We’ve been looking at resilience. Part of resilience is being able to look at how you’ve responded to a trial such as cancer. How has it changed you or your life—both for the better and the worse? If you asked me how cancer has changed my life, I might tell you that I smile less. I know that’s not the “right” answer, but it is the honest answer. When Dan was first diagnosed there was a time of despair. It was like the world was ending. In truth, it was just our world, as we knew it, that was ending.
Cancer has changed my life
We learned to live with it. We adapted, became stronger in many ways. It progressively gots harder but we learned how to endure and even overcome everything it threw at us: Good news, bad news, scans and labs, doctors who promise and doctors who doubt, fair-weather friends, compassionate strangers, pain, drugs, changed appearance, changed personalities, fear, faith, the pit of despair, overwhelm, withdrawal and solitude, loss—all of it changing the dynamic of our family and who you were.
We made memories whenever we could.
We never passed up a good opportunity to do things as a family because we knew that they were limited. That intentional way of living is something we began long before the diagnosis. We were making up for lost time.
Dan and I met later in life. Somehow, we managed to find our perfect match in one another. We didn’t agree on everything, but we agreed on the important things. We respected one another and cared for one another well. We also knew what a gift that was and didn’t take it for granted. He was my best friend and I was his.
Our Daughter, Sam
Early on in the first weeks of our marriage, we had just finished praying with the kids before bedtime. Our daughter Sam looked at Dan and said, “Daddy, What took you so long to find us? We waited for you for so long!” In her child’s innocence, she summed up a real truth. We had waited for him. When he came into our lives, we became a cohesive unit. Now that he’s gone, nothing feels right.
Cancer has changed my life,
But that doesn’t mean that I’ve stopped living and holed myself up in my bedroom. Early on, I thought that’s what I would do, but when Dan died it didn’t seem right. So many people had been so good to us. I made friends that I didn’t want to neglect. This introvert has actually become somewhat social. It’s ironic that I have much less time now that I’m a single mom, but I have so much more that I want to do. So, I have to make the most of it.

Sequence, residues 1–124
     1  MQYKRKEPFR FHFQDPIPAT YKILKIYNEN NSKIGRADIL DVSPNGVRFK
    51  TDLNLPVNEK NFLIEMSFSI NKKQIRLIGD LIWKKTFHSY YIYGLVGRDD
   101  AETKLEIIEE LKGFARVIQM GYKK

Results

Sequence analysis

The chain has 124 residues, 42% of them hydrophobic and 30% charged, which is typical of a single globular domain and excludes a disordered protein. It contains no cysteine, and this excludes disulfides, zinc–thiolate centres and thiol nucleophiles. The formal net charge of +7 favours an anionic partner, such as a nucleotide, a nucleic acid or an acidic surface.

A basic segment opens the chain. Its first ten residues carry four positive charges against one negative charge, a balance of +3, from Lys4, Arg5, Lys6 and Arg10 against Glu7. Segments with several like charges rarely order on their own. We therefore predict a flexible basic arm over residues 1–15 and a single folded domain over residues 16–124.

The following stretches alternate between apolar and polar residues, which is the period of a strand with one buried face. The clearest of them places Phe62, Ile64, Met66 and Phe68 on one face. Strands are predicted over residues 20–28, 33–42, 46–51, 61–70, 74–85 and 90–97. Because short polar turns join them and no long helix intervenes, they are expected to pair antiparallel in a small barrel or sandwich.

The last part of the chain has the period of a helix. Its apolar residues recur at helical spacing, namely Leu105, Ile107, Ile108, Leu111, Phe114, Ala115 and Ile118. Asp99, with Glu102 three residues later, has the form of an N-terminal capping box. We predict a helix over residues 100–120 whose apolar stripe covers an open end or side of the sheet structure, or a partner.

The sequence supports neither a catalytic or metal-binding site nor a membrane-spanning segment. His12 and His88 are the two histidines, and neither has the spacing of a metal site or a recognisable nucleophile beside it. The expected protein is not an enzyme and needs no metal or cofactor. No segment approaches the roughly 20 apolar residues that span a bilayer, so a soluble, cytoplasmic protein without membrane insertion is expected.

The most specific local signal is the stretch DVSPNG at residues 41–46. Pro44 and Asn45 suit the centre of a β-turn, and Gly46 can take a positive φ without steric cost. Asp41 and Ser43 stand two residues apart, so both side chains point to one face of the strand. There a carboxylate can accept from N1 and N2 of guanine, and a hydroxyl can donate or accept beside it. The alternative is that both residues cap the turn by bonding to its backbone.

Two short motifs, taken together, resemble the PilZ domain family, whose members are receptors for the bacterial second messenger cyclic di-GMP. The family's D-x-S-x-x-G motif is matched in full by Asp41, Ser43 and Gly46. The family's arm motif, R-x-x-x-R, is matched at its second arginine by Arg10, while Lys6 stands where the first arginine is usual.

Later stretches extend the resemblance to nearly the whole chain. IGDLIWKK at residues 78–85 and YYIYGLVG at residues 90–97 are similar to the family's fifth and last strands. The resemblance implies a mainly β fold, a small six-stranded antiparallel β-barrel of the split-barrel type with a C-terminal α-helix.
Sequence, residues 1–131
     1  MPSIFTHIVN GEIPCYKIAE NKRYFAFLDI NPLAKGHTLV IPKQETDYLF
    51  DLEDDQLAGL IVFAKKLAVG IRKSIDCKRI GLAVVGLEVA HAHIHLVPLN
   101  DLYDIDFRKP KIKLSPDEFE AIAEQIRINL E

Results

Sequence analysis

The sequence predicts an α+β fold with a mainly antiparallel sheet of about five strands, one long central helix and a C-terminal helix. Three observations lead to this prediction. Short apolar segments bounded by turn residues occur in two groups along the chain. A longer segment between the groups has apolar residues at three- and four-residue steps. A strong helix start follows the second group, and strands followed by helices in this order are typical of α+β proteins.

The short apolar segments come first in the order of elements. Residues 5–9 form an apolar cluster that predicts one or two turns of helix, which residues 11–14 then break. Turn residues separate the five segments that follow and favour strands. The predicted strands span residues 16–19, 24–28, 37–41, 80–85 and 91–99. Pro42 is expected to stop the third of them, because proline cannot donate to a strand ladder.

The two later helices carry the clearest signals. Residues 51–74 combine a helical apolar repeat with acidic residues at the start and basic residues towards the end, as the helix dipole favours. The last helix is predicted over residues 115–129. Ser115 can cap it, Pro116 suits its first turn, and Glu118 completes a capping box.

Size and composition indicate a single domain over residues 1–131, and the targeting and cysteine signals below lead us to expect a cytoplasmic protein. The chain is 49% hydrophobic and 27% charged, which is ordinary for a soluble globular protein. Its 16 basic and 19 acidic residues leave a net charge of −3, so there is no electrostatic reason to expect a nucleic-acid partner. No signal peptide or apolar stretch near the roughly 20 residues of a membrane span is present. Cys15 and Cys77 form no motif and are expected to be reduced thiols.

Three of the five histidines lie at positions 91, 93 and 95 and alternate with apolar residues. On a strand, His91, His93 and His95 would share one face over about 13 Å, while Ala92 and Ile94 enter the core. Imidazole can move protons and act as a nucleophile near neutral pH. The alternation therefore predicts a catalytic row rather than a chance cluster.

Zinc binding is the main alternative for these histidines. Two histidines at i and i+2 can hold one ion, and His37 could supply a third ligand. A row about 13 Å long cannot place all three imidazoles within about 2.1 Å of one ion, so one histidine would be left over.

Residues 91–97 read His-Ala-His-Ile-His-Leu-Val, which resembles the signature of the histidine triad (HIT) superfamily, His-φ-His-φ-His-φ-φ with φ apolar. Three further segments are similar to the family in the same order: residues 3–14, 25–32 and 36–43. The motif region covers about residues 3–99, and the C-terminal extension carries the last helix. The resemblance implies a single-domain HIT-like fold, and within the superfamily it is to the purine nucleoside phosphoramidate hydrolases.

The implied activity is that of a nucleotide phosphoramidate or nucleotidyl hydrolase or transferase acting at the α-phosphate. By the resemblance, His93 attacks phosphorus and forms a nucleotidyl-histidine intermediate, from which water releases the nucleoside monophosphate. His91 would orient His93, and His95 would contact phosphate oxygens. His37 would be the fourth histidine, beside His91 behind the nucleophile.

Cancer has changed my life for the worse, definitely. But the people I have gotten closer to because of it have been a gift. And, watching my husband—how he handled his life before cancer, with cancer, and as he was dying—that changed me forever, mostly for the better. I have become more resilient.
How has cancer changed you and your life?
WHAT ARE YOUR THOUGHTS?
There is so much more that could be said about this, but I will leave that up to you, my readers. Tell me your thoughts in the comment section, below. I appreciate my readers as well as the writing community. To show that appreciation, I use Comment Luv. Just leave a comment below and your latest post will get a link next to it. Thank you!
In 2012 doctors diagnosed my husband, Dan, with stage IV lung cancer. Since then, our family has been learning what it means to face cancer. I’ve focused my writing and speaking on helping cancer patients and their families advocate for themselves and live life to the fullest, in spite of their illness. My goal is to help people face cancer with grace.
My book Facing Cancer as a Friend: How to Support Someone Who Has Cancer, is available on Amazon.com
Also, put your memories into words with The Memory Maker’s Journal.
I also blog at Heather Erickson Author/Writer/Speaker